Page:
Concurrent to our work, Klambauer et al. (2017) proposed the Scaled ELU (SELU) activation function, which also has self-normalizing properties, although it takes an orthogonal and complementary approach to the one proposed here.

Chernodub & Nowicki (2016) proposed the Orthogonal Permutation Linear Unit (OPLU), where every unit belongs to a pair , and the activation function simply sorts this pair:

(1)

This function has many desirable properties: It is norm and mean preserving, and has no diminishing effect on the gradient.

The Concatenated Rectified Linear Unit (CReLU) (Shang et al., 2016) concatenates the ReLU function applied to the positive and negated input . Balduzzi et al. (2017) combined the CReLU with a mirrored weight initialization , with at initialization. The resulting function is initially linear, and thus mean preserving, before training starts.

Another approach to maintain a mean of zero across a layer is to explicitly normalize the activations. An early example was Le Cun et al. (1991), who suggested zero-centering activations by subtracting each units mean activation before passing to the next layer. In Glorot & Bengio (2010)

it was shown that the problem of vanishing gradients in deep models can be mitigated by having unit variance in layer activations. Batch Normalization

(Ioffe & Szegedy, 2015) normalizes both the mean and variance across a mini-batch. The success of Batch Normalization for deep feed forward networks created a research interest in how similar normalization of mean and variance can be extended to RNNs. Despite early negative results (Laurent et al., 2016), by keeping separate statistics per timestep and properly initializing parameters, Batch Normalization can be applied to the recurrent setting (Cooijmans et al., 2016). Other approaches to hidden state normalization include Layer Normalization (Ba et al., 2016), Weight Normalization (Salimans & Kingma, 2016) and Norm Stabilization (Krueger & Memisevic, 2015).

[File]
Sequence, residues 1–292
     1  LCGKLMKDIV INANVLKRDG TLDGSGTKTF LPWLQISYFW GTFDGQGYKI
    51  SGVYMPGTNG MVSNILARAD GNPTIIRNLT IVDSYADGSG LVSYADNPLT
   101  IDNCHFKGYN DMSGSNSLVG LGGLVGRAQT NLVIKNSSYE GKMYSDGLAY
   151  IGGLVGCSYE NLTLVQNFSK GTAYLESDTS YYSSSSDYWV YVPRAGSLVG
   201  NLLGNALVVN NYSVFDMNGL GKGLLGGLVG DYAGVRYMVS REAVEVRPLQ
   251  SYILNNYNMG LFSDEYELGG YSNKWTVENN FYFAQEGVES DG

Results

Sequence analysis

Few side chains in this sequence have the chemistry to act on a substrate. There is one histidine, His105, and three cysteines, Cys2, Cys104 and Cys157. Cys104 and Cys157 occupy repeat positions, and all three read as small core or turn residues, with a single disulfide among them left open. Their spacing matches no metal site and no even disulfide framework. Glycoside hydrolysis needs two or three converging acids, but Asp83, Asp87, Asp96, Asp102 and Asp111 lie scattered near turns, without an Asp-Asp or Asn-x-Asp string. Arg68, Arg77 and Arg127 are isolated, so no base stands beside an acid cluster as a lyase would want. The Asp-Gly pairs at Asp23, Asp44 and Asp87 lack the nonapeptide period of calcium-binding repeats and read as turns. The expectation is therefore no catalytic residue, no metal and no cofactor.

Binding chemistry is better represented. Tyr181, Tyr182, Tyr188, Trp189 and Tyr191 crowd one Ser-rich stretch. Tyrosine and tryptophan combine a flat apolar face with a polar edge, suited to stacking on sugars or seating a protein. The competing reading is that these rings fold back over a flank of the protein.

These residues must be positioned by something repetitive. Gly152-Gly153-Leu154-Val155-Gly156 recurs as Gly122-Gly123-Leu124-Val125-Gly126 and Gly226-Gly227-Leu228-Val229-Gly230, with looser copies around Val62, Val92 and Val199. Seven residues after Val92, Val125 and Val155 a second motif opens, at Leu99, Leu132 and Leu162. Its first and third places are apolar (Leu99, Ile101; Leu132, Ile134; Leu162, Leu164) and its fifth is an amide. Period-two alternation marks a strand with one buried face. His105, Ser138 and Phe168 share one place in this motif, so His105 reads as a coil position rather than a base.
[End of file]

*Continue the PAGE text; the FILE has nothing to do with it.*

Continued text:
The Layer-Sequential Unit Variance (LSUV) algorithm (Mishkin & Matas, 2015) iteratively initializes each layer in a network such that each layer has unit variance output. If such a network can maintain approximately unit variance throughout training, it is an attractive option because it has no runtime overhead.

In this paper, we propose bipolar activation functions as a way to keep the layer activations approximately zero-centered. We explore the training of deep recurrent and feed forward networks, with LSUV-initialization and bipolar activations, without using explicit normalization layers like batch norm.

2 Bipolar Activation Functions

Figure 1: Bipolar versions of popular activation functions. From left: Bipolar ELU, Bipolar Leaky ReLU, Bipolar ReLU.